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Perinatal death by bile acid levels in intrahepatic cholestasis of pregnancy: a systematic review


Di Mascio, Daniele; Quist-Nelson, Johanna; Riegel, Melissa; George, Brandon; Saccone, Gabriele; Brun, Romana; Haslinger, Christian; Herrera, Christina; Kawakita, Tetsuya; Lee, Richard H; Benedetti Panici, Pierluigi; Berghella, Vincenzo (2019). Perinatal death by bile acid levels in intrahepatic cholestasis of pregnancy: a systematic review. Journal of Maternal-Fetal & Neonatal Medicine:Epub ahead of print.

Abstract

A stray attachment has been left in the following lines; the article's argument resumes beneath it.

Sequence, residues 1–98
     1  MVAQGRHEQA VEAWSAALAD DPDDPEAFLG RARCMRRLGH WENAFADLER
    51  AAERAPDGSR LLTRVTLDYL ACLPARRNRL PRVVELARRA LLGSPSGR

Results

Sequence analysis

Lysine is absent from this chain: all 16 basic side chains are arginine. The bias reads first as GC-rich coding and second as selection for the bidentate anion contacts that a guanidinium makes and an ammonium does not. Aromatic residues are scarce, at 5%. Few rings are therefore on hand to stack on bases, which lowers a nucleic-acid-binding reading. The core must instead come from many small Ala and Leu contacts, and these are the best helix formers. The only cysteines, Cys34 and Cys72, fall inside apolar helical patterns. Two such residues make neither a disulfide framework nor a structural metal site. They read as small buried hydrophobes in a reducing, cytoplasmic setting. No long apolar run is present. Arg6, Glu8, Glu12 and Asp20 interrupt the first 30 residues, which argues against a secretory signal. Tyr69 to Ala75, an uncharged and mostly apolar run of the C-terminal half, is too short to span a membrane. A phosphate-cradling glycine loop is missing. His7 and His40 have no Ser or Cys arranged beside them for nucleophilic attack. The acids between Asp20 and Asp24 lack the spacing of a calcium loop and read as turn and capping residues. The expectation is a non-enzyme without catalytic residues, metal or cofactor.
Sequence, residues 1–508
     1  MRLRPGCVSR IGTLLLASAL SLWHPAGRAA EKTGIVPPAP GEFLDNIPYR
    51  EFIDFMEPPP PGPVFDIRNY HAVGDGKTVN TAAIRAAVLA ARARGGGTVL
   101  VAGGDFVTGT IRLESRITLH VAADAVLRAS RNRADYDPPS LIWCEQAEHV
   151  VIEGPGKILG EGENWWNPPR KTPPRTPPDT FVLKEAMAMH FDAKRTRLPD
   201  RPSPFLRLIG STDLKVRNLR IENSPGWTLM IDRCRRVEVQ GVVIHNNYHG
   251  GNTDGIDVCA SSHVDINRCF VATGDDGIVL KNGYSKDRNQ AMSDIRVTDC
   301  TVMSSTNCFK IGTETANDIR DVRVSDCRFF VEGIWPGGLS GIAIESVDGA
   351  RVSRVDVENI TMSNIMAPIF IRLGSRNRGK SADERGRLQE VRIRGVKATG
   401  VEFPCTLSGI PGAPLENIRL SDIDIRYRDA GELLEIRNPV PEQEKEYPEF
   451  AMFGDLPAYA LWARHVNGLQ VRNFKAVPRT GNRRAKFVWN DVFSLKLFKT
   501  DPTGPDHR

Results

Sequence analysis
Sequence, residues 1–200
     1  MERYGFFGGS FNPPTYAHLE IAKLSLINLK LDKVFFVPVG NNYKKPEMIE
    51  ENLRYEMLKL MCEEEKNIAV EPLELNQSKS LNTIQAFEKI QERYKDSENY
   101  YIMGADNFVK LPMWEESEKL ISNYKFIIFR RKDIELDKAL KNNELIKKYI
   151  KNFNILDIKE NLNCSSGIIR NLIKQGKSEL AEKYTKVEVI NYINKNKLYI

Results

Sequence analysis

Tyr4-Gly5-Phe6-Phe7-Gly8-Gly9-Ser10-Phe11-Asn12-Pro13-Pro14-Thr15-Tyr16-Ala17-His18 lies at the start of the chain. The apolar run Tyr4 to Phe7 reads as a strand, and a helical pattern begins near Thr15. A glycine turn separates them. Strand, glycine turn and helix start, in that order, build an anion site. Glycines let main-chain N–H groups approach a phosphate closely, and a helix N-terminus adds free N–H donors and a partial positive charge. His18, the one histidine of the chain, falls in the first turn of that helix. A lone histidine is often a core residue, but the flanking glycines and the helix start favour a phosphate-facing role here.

Background: Intrahepatic cholestasis of pregnancy (ICP) is characterized by the elevation of total bile acids (TBAs). The primary concern in women with ICP is the increased risk of stillbirth. ICP is generally considered as "mild" when TBA levels range from 10 to 39 µmol/L and "severe" with levels greater than 40 µmol/L, although levels of TBA ≥100 µmol/L have been also considered as a further threshold of severity.Objective: To quantify the association between different severities of ICP (TBA 10-39, 40-99, and ≥100 µmol/L) and perinatal death.Data sources: Medline, Embase, Scopus, Web of Sciences, and ClinicalTrial.gov were searched from the inception of each database to February 2019.Methods of study selection: Randomized, cohort, case-control, or case series studies reporting maternal and perinatal outcomes on women with ICP by the three prespecified TBA levels (10-39, 40-99, and ≥100 µmol/L) were included. We excluded multiple gestations and trials which included an intervention. The analysis was performed with Pearson chi-square and Fisher's exact test as appropriate. Continuous outcomes were compared using metaregression with inverse variance weighting using reported sample sizes and standard deviations. Pairwise comparisons used a Bonferroni correction to control for multiple testing.Tabulation, integration, and results: Six articles including 1280 singleton pregnancies affected by ICP were included in the systematic review. Out of the 1280 singleton pregnancies affected by ICP included, 118 had ICP with TBA ≥100 µmol/L. Perinatal death was more common in women with TBA ≥100 µmol/L (0.4% for TBA 10-39 μmol/L versus 0.3% for TBA 40-99 μmol/L versus 6.8% for TBA ≥ 100 μmol/L, p < .0001). Of the 8 perinatal deaths in the TBA ≥100 µmol/L group, 3 occurred ≥34 weeks. TBA ≥100 µmol/L increased the risk of spontaneous preterm birth (PTB) (5.4% versus 8.6% versus 18.2% respectively, p < .0001) and iatrogenic PTB (10.8% versus 21.6% versus 35.8% respectively, p<.0001) as well as meconium-stained amniotic fluid (9.0% versus 18.4% versus 31.6% respectively, p < .0001).Conclusions: Maternal TBA ≥100 µmol/L is associated with a 6.8% incidence of perinatal death, most of which (5.9% overall) are stillbirths, while TBA <100 µmol/L are associated with an incidence of perinatal death of 0.3%. It may be reasonable to consider late preterm delivery (at about 35-36 weeks) in women with TBA ≥100 µmol/L.